This is not intended to be a list that tells you how all coaches “should” approach coaching. If you read any of these points and find that you use a different approach then, as always, I’m going to say use the way that works for you and your clients. (Plus feel free to contribute your approach/belief in the comment section.)

If you find any points that you totally disagree with I invite you to consider it for a moment as a way of potentially increasing your own coaching flexibility or just re-affirm your own thinking.

The Meaning of Empathy

I know that many coaches think that being empathetic is an important part of how they coach.

If you look up the meaning of the word empathy in the dictionary you will find an entry such as: Noun: “The ability to identify oneself mentally with a person or thing and so understand his or her feelings or its meaning.” Note that it does not say – feeling the same as that other person.

If you had previous thought that you had to show empathy to be the coach you want to be, don’t get tricked in to thinking that means you have to be feeling the same thing as your client.

Look after yourself

It’s just easier to fully focus on your work and your client if you are looking after yourself. You probably already know that it’s a lot easier not to be affected by someone else’s mood if you are feeling well in yourself.

You’ll probably already have a good idea about what the things are that when you do them you have a better day.

Have a support system in place

That may be a system in place that alters over time. It can be individuals and groups that you pay and those you don’t. It may even take the form of a particular book, CD or media clip. The important bit is that it’s a system that works for you.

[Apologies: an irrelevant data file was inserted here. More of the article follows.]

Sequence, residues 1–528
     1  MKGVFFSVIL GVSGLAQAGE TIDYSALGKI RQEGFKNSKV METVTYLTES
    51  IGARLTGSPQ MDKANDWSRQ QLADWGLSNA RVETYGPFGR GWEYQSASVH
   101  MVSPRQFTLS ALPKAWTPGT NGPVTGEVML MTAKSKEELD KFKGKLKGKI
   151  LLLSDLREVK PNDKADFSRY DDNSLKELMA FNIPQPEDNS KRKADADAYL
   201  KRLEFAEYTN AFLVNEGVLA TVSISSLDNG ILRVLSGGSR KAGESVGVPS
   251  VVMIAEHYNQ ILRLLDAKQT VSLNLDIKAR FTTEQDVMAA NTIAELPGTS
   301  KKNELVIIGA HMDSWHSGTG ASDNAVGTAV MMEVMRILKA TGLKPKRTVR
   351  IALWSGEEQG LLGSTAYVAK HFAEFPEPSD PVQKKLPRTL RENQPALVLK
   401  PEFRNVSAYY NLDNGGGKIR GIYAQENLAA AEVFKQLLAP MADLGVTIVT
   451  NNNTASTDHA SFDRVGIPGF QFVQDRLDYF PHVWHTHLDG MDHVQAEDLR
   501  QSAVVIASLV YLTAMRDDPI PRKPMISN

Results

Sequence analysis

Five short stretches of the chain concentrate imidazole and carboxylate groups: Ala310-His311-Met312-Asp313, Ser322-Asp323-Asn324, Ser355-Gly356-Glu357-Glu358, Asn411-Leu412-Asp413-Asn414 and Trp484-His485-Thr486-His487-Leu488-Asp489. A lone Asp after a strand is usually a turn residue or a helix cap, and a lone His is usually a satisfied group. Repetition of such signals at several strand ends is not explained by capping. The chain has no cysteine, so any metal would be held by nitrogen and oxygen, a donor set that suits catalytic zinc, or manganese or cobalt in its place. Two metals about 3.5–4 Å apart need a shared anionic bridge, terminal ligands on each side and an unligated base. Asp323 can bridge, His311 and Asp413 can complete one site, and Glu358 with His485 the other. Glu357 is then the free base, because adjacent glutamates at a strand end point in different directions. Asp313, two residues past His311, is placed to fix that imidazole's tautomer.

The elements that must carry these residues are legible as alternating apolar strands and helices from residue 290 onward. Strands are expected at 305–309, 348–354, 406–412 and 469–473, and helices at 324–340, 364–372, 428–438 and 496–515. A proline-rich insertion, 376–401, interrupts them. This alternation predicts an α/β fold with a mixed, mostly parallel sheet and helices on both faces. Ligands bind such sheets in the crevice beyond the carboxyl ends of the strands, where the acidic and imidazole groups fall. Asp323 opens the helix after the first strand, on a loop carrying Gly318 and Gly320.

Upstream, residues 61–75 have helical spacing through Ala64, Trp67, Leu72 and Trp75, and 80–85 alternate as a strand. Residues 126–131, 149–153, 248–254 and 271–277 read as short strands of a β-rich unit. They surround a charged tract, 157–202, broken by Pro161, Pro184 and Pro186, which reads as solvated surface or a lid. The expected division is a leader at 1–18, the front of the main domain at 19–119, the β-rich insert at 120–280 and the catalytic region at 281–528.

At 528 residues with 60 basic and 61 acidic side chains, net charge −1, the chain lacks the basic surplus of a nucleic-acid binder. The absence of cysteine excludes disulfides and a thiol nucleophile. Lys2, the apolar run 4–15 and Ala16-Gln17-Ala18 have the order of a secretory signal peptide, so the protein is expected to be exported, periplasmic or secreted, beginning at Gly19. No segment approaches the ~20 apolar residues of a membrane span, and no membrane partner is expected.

(I may be biased, but for me as a coach, one of the most obvious members of a support system is another coach!)

Non-judgemental listening

I have to be honest; my initial response was to rack my brains for examples of clients’ negativity. When I looked there were potentially several situations that I guess could be labelled as clients negativity.

You may read that and wonder if I am that unobservant not to have seen/heard that during the actual coaching session. During a coaching session I am listening/looking for what is going on for a particular client – both in “reality” and how they are perceiving a scenario.

I’m normally listening to influence – I find that judging and labelling those conversations and thoughts as positive and negative don’t add anything to my work.

Be aware of your own “stuck points”

If you find yourself feeling stuck at any time you’ve probably bought into the same story that your client is telling themself. Quite possibly because it’s a story you also tell yourself.

It’s a lot easier for someone else’s mood not to impact upon your own if you haven’t bought into their “story” – the things they are telling themselves about a situation.

Change can happen in an instance

I believe that change can happen in an instance. I think that being “dragged down” by negativity can be perceived as a much bigger problem if it’s a situation that you think is something you can’t change immediately. If I feel my mood shift in a direction I don’t want to go, then I know I can also quickly change it back.

Selecting the clients who work with you

If you find a particular client negatively impacts you, then I suggest you consider why you are working with them?

I know, particularly when you are first beginning your coaching journey and setting up a coaching practice, it may feel that you have to say yes to everyone that wants to work with you.

You will know your finances and situation best. You may want to consider what you could be doing with the time and energy you’re using with such a client instead.

If this is a common theme in the majority of your clients, is there anything in your marketing materials etc that is attracting such behaviour?

What else can you add to this list?